Nigeria and Saudi Arabia Pledge to Cooperate on Oil, Terrorism

Nigerian President Muhammadu Buhari at an AU meeting in Ethiopia.
Nigerian President Muhammadu Buhari, pictured at an African Union meeting in Ethiopia on January 29, has committed to raising oil prices with the Saudi leader, King Salman bin Abdulaziz. TONY KARUMBA/AFP/Getty Images

Nigeria and Saudi Arabia will cooperate in stimulating the global oil market and combating Islamist militancy, the countries' heads of state said on Tuesday.

The West African nation and the Gulf state are two of the biggest oil producers in the world and are both members of the Organization of the Petroleum Exporting Countries (OPEC). Saudi Arabia was the world's second-biggest oil producer in 2014, behind the U.S., while Nigeria is Africa's petroleum giant. Both have been hit hard by plummeting oil prices, with Nigerian President Muhammadu Buhari in particular under growing pressure to devalue the Nigerian naira in order to cope with falling foreign exchange revenues.

Buhari met with Saudi King Salman bin Abdulaziz on Tuesday during a visit to the Gulf, in which he will also visit Qatar, a fellow OPEC member. The two leaders committed to stabilizing the market and raising the price of oil, which has fallen from highs of $115 per barrel for Brent crude in summer 2014 to $32 in February 2016.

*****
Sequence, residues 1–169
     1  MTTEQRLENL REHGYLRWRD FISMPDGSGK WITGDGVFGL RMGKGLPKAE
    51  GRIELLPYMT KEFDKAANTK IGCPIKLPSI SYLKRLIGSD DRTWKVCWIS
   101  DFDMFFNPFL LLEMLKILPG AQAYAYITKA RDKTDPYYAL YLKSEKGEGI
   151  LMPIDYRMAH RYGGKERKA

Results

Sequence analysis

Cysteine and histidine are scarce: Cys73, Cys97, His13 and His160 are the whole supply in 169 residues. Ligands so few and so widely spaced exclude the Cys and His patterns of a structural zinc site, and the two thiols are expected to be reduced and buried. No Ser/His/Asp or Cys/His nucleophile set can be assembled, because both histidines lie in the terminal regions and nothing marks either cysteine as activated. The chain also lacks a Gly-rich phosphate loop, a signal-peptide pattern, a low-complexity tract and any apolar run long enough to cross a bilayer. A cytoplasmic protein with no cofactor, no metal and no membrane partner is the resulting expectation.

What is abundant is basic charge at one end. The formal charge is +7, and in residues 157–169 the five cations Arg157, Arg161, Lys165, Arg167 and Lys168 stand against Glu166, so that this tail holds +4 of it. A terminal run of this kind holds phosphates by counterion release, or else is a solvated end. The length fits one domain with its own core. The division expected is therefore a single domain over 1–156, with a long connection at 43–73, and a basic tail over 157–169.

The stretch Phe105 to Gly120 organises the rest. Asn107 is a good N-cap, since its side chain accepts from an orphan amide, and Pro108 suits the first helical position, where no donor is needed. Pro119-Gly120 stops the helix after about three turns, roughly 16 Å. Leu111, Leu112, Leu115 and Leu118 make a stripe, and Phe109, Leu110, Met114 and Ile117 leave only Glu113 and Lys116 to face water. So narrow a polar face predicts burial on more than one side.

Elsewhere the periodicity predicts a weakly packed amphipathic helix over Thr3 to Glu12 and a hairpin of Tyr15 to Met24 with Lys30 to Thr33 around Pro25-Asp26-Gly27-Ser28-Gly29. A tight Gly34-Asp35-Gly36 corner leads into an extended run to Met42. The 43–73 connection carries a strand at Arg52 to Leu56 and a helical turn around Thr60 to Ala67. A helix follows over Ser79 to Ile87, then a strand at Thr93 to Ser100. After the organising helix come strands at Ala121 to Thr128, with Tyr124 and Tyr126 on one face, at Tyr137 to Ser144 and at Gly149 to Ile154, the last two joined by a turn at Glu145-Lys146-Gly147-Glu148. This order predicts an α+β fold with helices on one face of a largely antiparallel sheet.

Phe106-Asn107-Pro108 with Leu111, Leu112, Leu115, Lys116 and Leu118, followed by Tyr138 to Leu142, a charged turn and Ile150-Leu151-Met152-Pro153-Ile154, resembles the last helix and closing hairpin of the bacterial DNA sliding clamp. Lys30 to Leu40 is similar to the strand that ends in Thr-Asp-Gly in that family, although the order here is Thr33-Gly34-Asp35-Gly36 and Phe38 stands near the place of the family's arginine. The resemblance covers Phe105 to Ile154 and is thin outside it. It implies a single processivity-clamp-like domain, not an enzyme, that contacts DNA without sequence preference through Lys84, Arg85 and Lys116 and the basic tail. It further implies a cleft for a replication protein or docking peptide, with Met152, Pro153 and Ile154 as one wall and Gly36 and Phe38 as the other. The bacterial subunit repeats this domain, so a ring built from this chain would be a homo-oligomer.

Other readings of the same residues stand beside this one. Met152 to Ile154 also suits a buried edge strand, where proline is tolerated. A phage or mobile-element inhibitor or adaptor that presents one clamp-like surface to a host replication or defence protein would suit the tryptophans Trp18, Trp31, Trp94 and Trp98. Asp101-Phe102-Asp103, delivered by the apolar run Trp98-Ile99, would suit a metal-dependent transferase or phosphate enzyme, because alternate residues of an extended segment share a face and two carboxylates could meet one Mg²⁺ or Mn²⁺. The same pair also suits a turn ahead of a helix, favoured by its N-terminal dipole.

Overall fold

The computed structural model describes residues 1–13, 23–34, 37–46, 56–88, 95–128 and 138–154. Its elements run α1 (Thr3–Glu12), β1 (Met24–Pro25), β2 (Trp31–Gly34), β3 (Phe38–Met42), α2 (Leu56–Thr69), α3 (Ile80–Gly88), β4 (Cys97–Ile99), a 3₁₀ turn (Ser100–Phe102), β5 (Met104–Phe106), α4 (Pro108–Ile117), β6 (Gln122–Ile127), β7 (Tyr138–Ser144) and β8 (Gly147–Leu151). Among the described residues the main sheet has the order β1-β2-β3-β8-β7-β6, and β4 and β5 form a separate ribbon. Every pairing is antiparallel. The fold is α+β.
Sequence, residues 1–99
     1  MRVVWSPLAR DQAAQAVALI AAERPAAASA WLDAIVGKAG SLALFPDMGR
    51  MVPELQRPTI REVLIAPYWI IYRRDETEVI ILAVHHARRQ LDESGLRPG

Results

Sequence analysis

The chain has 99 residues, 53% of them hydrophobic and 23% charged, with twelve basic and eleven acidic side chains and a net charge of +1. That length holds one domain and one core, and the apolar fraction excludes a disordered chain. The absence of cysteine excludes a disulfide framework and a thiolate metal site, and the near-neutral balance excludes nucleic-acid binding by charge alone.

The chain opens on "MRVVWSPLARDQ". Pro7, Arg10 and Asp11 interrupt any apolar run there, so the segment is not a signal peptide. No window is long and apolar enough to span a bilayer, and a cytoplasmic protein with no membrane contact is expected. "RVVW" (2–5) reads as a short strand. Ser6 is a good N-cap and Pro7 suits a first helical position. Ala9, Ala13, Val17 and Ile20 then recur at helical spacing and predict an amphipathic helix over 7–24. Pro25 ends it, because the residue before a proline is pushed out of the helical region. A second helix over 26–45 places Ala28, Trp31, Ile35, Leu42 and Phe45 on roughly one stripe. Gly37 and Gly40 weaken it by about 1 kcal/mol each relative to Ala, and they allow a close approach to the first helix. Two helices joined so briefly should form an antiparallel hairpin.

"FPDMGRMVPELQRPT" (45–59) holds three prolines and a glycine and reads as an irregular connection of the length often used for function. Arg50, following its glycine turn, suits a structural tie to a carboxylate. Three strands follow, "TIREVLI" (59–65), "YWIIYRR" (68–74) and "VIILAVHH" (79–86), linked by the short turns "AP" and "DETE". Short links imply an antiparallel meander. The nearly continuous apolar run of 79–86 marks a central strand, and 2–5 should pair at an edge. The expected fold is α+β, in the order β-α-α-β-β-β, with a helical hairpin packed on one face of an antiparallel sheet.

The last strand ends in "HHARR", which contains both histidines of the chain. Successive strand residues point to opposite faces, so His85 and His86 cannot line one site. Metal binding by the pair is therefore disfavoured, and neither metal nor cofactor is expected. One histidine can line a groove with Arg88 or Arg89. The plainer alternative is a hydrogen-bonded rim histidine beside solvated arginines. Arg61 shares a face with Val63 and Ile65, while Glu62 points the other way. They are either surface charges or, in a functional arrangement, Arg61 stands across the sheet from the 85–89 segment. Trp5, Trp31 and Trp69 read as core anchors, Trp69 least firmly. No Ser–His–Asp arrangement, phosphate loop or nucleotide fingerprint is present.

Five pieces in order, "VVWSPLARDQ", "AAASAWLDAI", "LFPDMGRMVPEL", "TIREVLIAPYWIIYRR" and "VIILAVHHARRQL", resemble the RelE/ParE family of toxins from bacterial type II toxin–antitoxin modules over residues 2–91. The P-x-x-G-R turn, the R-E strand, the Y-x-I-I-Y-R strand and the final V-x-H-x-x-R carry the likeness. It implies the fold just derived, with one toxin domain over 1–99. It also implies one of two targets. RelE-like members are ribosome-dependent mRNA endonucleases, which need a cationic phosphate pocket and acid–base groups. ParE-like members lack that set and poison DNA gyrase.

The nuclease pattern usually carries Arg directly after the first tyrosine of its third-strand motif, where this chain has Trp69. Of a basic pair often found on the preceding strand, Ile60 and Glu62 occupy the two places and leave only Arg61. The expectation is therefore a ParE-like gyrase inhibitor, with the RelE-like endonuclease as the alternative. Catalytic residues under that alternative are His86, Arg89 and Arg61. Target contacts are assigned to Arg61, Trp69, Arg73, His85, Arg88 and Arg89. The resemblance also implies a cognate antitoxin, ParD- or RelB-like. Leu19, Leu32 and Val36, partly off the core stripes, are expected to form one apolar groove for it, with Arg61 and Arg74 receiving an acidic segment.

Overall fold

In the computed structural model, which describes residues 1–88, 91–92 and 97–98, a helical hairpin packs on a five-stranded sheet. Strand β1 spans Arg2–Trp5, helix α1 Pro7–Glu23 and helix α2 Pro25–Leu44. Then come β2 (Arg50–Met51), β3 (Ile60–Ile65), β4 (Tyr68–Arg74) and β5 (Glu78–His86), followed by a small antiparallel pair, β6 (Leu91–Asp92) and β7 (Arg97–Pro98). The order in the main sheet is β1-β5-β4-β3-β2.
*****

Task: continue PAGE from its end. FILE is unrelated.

Both Nigeria and Saudi Arabia are dealing with security issues posed by militant groups. A six-year insurgency in northeast Nigeria waged by Boko Haram, which pledged allegiance to the Islamic State militant group (ISIS) in March 2015, has cost around 20,000 lives and displaced more than 2 million people. Buhari insisted in December 2015 that Boko Haram had been "technically" defeated, but the group continues to launch suicide bombing attacks in Nigeria and neighboring countries in the Lake Chad region.

Saudi Arabia, meanwhile, established a 34-member Islamic military coalition in December 2015 to fight against "the evils of all terrorist groups and organizations." The coalition was criticized by ISIS , which released a number of videos in response calling for attacks on Saudi Arabia and other members of the coalition, including Bahrain. Nigeria is not a member of the coalition, which includes its neighbors Chad and Niger.

Buhari commended Saudi Arabia's efforts and said that, following the November 2015 attacks on Paris by ISIS militants in which 130 people were killed, "we have to come together to find a common solution to the problem of terrorism." In response, King Salman urged Nigeria to consider becoming a full member of the coalition and said the Saudi government would support Nigeria in fighting Boko Haram.

Saudi Arabia and Russia agreed earlier in February to freeze oil output in a bid to stabilize prices, so long as other major oil-producing countries agreed to do the same. Iran, the world's seventh-largest oil producer, indicated it would not be willing to freeze its output, according to Reuters.

Nigeria and Saudi Arabia Pledge to Cooperate on Oil, Terrorism | World